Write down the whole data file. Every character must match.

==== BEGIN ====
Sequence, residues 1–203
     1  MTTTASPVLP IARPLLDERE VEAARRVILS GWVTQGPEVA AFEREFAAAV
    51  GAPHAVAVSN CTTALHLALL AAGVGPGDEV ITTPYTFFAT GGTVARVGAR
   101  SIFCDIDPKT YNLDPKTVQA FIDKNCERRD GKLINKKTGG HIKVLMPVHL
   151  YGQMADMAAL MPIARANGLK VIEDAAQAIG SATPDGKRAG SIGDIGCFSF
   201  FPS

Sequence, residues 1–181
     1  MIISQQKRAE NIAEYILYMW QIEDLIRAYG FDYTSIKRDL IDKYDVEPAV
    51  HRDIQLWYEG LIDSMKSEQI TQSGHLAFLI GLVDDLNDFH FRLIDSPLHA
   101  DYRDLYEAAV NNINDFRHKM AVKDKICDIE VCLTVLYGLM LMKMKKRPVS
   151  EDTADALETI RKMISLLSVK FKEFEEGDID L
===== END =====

Sequence, residues 1–203
     1  MTTTASPVLP IARPLLDERE VEAARRVILS GWVTQGPEVA AFEREFAAAV
    51  GAPHAVAVSN CTTALHLALL AAGVGPGDEV ITTPYTFFAT GGTVARVGAR
   101  SIFCDIDPKT YNLDPKTVQA FIDKNCERRD GKLINKKTGG HIKVLMPVHL
   151  YGQMADMAAL MPIARANGLK VIEDAAQAIG SATPDGKRAG SIGDIGCFSF
   201  FPS

Sequence, residues 1–181
     1  MIISQQKRAE NIAEYILYMW QIEDLIRAYG FDYTSIKRDL IDKYDVEPAV
    51  HRDIQLWYEG LIDSMKSEQI TQSGHLAFLI GLVDDLNDFH FRLIDSPLHA
   101  DYRDLYEAAV NNINDFRHKM AVKDKICDIE VCLTVLYGLM LMKMKKRPVS
   151  EDTADALETI RKMISLLSVK FKEFEEGDID L